Newly diagnosed breast cancer patients may be surprised to learn that there is not one, but several types of breast cancer. Learning about the different types and subtypes of breast cancer can be very helpful for understanding treatment options, prognosis, and more. Each type of breast cancer behaves and acts differently from the other types, and may require different forms of therapy.
When a tumor is biopsied after removal from the body, a doctor called a pathologist will examine the cells to determine the cancer’s subtype. This information will be included in the pathology report. You can ask your doctor for a copy of this report to keep for your records. One of the more common types of breast cancer you’ll see on a report is ER-positive (ER+).
Is ER+ Cancer?
ER+ breast cancer simply means that a woman’s tumor cells have receptors that tell cancer to grow in response to estrogen. Estrogen is a hormone produced naturally in the body. An important strategy to prevent ER+ cancer from returning is to block estrogen from reaching those cells.
According to the American Cancer Society, two out of every three breast cancers are hormone dependent. Most ER+ cancers are also PR+, meaning they also grow in response to the hormone progesterone. But this isn’t always the case.
Studies have shown that ER+ breast cancer has the best prognosis of all the breast cancer subtypes, and often responds well to treatment. However, all breast cancers have the potential to return after treatment is completed. For this reason, women with ER+ cancers are typically given a medication to prevent cancer relapse.
Treatment for ER+ Cancer
Treatment will start out in much the same way as it does for women with other types of breast cancer. Surgery — either a lumpectomy or a mastectomy — will be performed to remove the tumor. If necessary, chemotherapy and possibly radiation will be given afterwards.
Once the tumor is removed and all other treatments are completed, you’ll be prescribed an anti-hormonal drug to prevent the cancer’s return. These drugs are usually taken orally at home. It’s recommended that these drugs be taken for five years. However, a study published in The Lancet suggests that these drugs should be given for 10 years to further reduce the chances of recurrence.
Types of Drugs
There are two classes of these anti-estrogen drugs. Each works to prevent cancer in a different way: One blocks the estrogen from stimulating the estrogen receptors on breast cancer cells, and the other stops the body from producing estrogen altogether.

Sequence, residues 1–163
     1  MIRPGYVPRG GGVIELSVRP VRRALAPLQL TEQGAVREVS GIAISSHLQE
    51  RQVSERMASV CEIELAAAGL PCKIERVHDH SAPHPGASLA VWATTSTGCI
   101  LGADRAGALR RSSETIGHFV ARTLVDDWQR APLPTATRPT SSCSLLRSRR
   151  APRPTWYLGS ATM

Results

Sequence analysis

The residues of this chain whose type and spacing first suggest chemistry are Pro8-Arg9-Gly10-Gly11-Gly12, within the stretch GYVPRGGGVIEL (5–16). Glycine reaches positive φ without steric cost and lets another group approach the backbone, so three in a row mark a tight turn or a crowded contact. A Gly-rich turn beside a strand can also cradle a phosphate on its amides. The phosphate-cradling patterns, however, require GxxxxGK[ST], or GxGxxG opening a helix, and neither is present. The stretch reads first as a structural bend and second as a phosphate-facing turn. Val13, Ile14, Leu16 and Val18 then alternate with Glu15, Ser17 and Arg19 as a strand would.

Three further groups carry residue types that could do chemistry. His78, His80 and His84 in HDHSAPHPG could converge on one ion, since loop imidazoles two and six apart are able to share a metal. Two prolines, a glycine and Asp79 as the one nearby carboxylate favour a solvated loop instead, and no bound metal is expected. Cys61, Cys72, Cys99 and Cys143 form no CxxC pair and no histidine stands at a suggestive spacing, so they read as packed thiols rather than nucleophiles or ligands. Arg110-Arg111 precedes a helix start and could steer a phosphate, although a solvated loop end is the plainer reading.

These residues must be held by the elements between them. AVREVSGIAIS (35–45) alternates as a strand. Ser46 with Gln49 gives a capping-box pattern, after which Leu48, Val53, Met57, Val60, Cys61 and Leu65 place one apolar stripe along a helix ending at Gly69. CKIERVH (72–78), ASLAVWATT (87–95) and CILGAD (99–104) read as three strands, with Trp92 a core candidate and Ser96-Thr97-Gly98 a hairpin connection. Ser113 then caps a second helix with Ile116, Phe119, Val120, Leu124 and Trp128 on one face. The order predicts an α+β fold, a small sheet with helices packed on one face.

Tamoxifen is given to premenopausal women to block estrogen receptors on breast cancer cells. Although not without side effects, this class of drug is relatively safe and has been in use for more than 30 years. The most common side effects are mood swings, bone aches, vaginal dryness, and hot flashes. It can also cause thickening of the uterus and, in rare cases, uterine cancer and blood clots. Follow up with your doctor when on these drugs, and report any unusual symptoms.
Another class of these drugs is aromatase inhibitors, which are given to postmenopausal women. These are the drugs that stop estrogen production entirely. The most common of these are letrozole (Femara), anastrozole (Arimidex), and exemestane (Aromasin). These drugs can also cause bone and joint pain, but not clots or uterine thickening.
Another option for ER+ breast cancer treatment is ovarian ablation. This can be done with drugs, such as leuprorelin (Lupron), with radiotherapy, or with an actual surgical procedure. The surgery, called an oophorectomy, is the removal of the ovaries. An oophorectomy is a serious surgery that can have a profound and permanent effect on a woman’s life, so it should be considered carefully.
Ovarian ablation is most often used for treating women with metastatic cancer and patients who have the BRCA gene. This procedure is still being studied as treatment for early stage cancer.
Estrogen Blockers and Metastatic Cancer
Estrogen blockers can also be very effective at controlling ER+
metastatic cancer. Some people believe that these are not the “big guns” in
medical treatment, but they may be just as effective as other forms of chemotherapy
at blocking cancer cells. These blockers may also have fewer side effects than other
forms of chemotherapy, and can be a very viable option when dealing with a relapse
Understanding your options is an important part of making treatment decisions. ER+ cancers are one of the few cancers that have tried and tested preventive drugs that can reduce the risk of relapse.